Four female convicts break out of prison, and during their escape they take hostage a bus full of young female tennis players. They drive the bus to the house of the judge who originally ...
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Four female convicts break out of prison, and during their escape they take hostage a bus full of young female tennis players. They drive the bus to the house of the judge who originally sent them to prison, where--since this is after all a women-in-prison picture--the hostages undergo various forms of physical and sexual abuse in various degrees of nudity.Written by
A DVD (BCI 46758-9 "Women Behind Bars Double Feature") of the dubbed English-language 76-minute version has the the title "Escape from Women's Prison" on the packaging, but has the on-screen title [first screen] "Escape from Woman's Prison" [second screen] "A Story of Sex and Violence." Somebody at BCI Eclipse Company, LLC should have caught the change from the on-screen's singular "Woman's" to the packaging's plural "Women's." See more »
"Escape from Women's Prison" (as it appears on the "Sweet Sugar / Escape From Women's Prison" Continental Video double-feature tape) was cut by over 10-minutes in order to fit onto the same VHS/Beta tape as "Sweet Sugar." See more »
This movie has kind of a bad reputation, largely because people expect it to be an American WIP movie (it was released on video in a double bill with "Sweet Sugar") when really it is an Italian "terror film" along the lines of "Late Night Trains", "The Last House on the Beach", and the notorious "House by the Edge of the Park". These films, inspired by the seminal American horror movie "Last House on the Left", typically involve often young and always comfortably middle-class protagonists being held captive and/or terrorized by lower-class miscreants until they find the strength to fight back, often proving even more vicious than their tormentors. This film is an interesting variation on this in that the captives are a girls' tennis team being held in a judge's isolated villa and the tormentors are four escaped female convicts. And while some elements, like the Marxist terrorist leader of the gang, may seem strange to the terminal Americans out there, you have to remember this movie was made in Europe in the 1970's when the Bader-Meinhoff cells in Germany and Red Army cells in Italy were still running loose.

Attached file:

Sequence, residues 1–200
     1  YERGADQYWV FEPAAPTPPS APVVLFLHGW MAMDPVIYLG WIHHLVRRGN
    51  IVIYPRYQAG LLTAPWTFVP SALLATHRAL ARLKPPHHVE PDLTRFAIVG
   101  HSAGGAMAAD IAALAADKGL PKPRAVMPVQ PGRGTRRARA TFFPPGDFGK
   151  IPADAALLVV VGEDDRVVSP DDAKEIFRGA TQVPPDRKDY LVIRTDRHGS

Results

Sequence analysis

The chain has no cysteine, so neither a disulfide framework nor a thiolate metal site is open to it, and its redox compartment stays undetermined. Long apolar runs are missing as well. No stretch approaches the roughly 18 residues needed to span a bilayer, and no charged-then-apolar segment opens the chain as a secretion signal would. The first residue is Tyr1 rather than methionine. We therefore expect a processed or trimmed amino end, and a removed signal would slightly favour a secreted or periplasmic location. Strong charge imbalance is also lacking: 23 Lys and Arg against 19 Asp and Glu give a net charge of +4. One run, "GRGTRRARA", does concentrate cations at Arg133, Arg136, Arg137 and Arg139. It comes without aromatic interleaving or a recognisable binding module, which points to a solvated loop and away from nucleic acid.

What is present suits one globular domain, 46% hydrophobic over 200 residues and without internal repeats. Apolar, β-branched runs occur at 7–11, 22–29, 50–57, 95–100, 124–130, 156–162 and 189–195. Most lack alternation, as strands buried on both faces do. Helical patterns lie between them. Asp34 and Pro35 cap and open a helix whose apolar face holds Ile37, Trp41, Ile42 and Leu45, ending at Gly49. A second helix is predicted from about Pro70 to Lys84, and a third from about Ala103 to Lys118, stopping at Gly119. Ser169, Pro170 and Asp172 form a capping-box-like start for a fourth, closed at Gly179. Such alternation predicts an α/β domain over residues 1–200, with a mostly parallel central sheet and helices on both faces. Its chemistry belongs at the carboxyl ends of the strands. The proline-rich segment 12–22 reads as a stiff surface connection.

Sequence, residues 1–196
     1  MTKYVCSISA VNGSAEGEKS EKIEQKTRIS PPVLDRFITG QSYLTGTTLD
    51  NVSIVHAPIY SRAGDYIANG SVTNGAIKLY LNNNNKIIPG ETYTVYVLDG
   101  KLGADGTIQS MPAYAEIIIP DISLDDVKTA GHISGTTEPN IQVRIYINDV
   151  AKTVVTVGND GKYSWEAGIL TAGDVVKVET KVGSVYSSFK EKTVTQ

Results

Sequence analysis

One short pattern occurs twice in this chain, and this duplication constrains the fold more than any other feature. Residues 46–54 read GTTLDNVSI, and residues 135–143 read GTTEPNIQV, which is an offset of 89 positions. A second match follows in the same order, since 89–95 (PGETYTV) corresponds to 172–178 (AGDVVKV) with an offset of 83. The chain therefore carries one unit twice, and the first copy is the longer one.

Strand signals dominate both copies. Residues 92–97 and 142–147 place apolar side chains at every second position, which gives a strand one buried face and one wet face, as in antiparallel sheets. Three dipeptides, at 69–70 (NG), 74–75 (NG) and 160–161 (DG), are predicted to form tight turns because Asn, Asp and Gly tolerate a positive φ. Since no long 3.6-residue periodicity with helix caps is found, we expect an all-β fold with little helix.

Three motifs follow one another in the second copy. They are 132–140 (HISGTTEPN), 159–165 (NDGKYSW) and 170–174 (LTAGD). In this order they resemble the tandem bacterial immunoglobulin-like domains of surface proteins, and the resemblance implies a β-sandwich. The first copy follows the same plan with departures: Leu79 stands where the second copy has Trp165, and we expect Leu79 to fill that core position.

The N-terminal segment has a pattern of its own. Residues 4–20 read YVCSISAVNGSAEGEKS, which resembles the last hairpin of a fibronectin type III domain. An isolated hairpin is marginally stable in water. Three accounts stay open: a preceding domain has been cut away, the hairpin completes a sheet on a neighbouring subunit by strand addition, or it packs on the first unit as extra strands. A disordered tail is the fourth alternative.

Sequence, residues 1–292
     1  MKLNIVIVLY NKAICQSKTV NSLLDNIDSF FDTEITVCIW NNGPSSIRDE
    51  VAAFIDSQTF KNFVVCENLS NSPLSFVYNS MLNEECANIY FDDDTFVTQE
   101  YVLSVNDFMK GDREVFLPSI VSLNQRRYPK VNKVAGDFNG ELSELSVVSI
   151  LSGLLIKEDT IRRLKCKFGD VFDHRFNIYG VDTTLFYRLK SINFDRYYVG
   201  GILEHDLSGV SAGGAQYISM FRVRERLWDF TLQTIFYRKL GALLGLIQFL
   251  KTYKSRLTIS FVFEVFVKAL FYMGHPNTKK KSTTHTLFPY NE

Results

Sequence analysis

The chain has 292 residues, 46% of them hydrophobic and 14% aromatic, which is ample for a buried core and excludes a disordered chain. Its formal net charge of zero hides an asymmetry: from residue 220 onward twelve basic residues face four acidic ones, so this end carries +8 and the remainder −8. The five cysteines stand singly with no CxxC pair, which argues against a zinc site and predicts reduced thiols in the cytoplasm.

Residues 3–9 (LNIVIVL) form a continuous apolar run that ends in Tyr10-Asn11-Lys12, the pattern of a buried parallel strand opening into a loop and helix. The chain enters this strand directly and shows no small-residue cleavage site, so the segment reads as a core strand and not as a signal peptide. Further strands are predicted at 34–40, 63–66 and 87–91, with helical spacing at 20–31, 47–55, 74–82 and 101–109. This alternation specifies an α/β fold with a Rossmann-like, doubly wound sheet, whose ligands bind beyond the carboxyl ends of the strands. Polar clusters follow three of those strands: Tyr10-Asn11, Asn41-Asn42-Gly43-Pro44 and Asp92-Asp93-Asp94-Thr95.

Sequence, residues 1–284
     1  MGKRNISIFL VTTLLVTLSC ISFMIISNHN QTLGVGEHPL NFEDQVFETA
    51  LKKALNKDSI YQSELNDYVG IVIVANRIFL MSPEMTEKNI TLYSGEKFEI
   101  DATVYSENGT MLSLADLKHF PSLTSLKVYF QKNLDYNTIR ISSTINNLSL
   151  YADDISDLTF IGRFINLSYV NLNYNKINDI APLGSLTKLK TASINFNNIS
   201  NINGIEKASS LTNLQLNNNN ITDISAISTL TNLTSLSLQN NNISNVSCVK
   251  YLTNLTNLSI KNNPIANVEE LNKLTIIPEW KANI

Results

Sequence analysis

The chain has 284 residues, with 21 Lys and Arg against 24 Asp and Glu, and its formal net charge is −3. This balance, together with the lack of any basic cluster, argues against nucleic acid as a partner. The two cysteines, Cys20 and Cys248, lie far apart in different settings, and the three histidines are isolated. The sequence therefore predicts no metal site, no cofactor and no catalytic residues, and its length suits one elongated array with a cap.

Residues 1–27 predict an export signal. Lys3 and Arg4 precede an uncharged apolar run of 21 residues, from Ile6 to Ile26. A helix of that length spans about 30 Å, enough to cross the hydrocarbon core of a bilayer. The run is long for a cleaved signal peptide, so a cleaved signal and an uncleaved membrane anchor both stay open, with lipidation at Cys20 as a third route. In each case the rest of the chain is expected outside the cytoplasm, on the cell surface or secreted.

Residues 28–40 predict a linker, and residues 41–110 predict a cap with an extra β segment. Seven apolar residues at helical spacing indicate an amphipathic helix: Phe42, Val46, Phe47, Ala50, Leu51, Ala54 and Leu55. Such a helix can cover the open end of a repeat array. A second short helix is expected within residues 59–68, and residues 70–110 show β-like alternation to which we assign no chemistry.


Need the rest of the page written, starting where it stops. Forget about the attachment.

This movie is actually somewhat realistic with decent character development and pretty good acting (especially considering that two of the leads, Lili Karati and Dirce Funari, would later move to hardcore sex films, and two others, Zora Kerova and Marina D'Ania, were usually reduced to piece-of-tail supporting roles in the more vile Italian cannibal and Nazi prison camp flicks). It does, of course, have to make the standard nods to the demands of sexploitation--most of the female cast have (usually pretty gratuitous)nude scenes and there is a whole variety of ridiculous rape scenes--man by woman, woman by woman, the female Marxist terrorist by a bourgeois judge (the latter is either incisive political commentary or a sorry excuse to get the luscious Lili Karati naked again). On the other hand, this movie is nowhere near as violent or harrowing as many films of it's kind (it's a Disney film compared to "House by the Edge of the Park"). It's kind of like "Terror Express" with its over-the-top sexscapades, but more realistic with a nice cynical ending. It's a decent movie if you know what you're in for, even though it will probably disappoint American WIP fans.
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